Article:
Guide to gigging for closet singer-songwriters

This post is for all the closet singer/songwriters who dream of playing to an audience better than their bedroom wall but aren’t sure how to go about it. Of course being a shower singer myself I am hardly a source on the issue so I have picked the brains of two Brisbane musicians who actually have the guts to get up on stage and chase the dream.

With a notebook full of original songs collected from when he was about six years old George Higgins was finally nagged/bullied by friends into performing at an open mic night in August. After playing his designated three songs he came down from the stage buzzing with excitement, wanting to do it all over again. The guy was hooked. A month later he now has five gigs under his belt with many more planned and had the following words of wisdom to share from his experiences.

George Higgins playing at QUT Muso's August open mic night Source: Ellie Robinson original photograph

George Higgins playing at QUT Muso’s open mic night at the Gardens Point campus Botanical Bar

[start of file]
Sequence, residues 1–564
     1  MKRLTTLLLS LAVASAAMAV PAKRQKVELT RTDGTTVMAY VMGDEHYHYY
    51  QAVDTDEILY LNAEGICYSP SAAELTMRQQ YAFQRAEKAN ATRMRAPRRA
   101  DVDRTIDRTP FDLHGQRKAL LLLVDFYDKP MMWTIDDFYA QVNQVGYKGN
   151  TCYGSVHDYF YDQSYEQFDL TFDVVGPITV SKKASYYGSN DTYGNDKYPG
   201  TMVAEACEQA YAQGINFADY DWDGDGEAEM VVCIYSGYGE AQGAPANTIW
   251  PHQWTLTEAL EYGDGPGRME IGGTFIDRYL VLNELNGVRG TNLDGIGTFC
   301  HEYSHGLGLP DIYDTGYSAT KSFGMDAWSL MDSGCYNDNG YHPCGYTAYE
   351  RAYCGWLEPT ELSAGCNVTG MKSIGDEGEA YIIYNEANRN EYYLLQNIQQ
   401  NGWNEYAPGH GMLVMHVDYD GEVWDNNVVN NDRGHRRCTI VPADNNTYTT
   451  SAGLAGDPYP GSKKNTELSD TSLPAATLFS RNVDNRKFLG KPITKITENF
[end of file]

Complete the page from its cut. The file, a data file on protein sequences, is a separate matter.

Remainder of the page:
Photo credit: Ellie Robinson

“I started gigging because I was sick of everyday life and I had reached the point where I just said stuff it, I am going to do what makes me happy,” he said.

“The Brisbane music scene has been a lot better than I thought. Open mic nights are great because often people associate just associate music with the industry and competitiveness when it should just be about people coming together from different genres, with different influences and appreciating these differences.”

So far George has played at the Blackbear Lodge in Fortitude Valley, twice at the Queensland University of Technology’s open mic nights at the Gardens Point campus and twice at the Retro Bar in Kenmore.

“My favourite place to gig so far has been the Retro Bar. The atmosphere and set up make it; it’s just a cool place and the locals are really welcoming,” he said.

To secret musicians who are worried about putting themselves out there George has the following advice.